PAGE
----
Still, in spite of these mistaken political and territorial moves, the value of the Missions persisted. Whereas in 1771, only 100 members resided in Friedshutten, their removal to Ohio and the accompanying well-publicized and native-supported conversions which took place at Kaskaskunk, led other groups to follow this westward movement. Between 1771 and the commencement of the Revolutionary War, Big Spring became inhabited by numerous much smaller tribal groups. In 1772, a company of Tuscawaras arrived along with their Missionary John Heckewelder. That same year, Zeisberger returned to Friedensstadt during the summer where a number of Wyalusings remained, and encouraged John Ettwein to leave; later that year he arrived with 204 Christian Indians. Another large band of Friedensstadt residents were removed by Zeisberger to their new home of Schonbruun (“Beautiful Spring”) by the end of that year. In 1773, the remaining Christian Indains in Friedensstadt were removed to the Ohio village.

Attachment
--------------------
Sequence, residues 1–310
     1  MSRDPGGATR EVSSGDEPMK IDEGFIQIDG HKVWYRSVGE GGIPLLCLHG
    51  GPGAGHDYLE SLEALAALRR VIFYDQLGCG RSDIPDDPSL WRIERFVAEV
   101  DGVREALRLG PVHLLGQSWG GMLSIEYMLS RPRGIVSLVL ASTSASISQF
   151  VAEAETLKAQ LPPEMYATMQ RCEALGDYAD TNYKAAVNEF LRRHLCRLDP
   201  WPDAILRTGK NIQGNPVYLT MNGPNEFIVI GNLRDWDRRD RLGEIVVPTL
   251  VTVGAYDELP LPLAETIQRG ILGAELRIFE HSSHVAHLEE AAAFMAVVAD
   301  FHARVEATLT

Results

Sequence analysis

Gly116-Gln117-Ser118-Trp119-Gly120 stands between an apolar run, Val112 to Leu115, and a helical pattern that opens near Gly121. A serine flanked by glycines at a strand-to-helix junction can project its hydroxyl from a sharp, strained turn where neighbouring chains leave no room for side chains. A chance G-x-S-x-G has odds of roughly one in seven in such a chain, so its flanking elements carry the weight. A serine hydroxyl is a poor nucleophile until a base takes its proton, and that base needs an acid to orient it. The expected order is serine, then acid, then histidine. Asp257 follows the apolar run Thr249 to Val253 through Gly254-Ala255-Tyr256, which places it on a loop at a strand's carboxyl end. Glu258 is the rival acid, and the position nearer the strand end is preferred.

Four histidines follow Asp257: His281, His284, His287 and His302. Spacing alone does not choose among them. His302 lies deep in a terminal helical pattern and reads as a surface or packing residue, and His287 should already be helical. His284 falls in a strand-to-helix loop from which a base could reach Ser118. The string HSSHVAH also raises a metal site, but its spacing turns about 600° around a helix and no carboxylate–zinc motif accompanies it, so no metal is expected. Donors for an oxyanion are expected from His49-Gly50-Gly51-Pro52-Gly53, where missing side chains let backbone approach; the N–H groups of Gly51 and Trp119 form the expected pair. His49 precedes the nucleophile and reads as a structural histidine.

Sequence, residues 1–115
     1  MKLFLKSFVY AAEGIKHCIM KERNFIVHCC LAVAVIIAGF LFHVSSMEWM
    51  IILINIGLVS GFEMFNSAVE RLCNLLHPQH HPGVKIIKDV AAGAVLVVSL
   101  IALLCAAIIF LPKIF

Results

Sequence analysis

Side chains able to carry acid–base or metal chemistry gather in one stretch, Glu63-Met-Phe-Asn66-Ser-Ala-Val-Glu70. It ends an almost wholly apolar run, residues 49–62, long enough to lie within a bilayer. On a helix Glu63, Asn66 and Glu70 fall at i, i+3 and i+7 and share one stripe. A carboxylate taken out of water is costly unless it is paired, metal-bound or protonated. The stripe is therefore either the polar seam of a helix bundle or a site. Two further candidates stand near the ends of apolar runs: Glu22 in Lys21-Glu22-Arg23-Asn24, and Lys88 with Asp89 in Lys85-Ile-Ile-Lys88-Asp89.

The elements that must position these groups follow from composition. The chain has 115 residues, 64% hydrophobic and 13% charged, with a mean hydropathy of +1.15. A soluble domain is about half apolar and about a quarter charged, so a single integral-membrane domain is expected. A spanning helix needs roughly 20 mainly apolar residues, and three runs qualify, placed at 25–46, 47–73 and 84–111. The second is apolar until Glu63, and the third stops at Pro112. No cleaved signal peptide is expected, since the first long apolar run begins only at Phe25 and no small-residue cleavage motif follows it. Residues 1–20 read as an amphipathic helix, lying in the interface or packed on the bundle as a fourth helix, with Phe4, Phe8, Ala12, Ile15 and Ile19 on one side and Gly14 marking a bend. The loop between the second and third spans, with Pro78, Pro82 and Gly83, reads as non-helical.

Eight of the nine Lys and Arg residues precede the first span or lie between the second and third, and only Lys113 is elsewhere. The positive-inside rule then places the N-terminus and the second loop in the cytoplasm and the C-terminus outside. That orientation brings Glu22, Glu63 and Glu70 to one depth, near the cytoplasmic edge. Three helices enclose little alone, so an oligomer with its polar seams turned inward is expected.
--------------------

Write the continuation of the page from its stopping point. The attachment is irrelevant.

A second village of converted Mahicans was being formed by this time about ten miles downstream from Big Spring, Ohio. This community was named Gnadenhutten as a reminder of the fate of the community once residing along the Mahoning River. In 1755, members of the Mahoning River group were massacred by the residents of the Munsee’s Goschgoschunk, the settlement which the new Christian Indians had to leave to form Lawunakhannek. The “demons” the Christians felt had occupied Goschgoschunk had once again led to numerous war parties and excursions between 1773 and 1777. When the third town, Lichtenau (“Meadow of Light”) was started, its failure came quickly due to the choice of Missionaries to settle along a heavily travelled war path; these people removed to the town they came to call Salem located just five miles downstream from Gnadenhutten.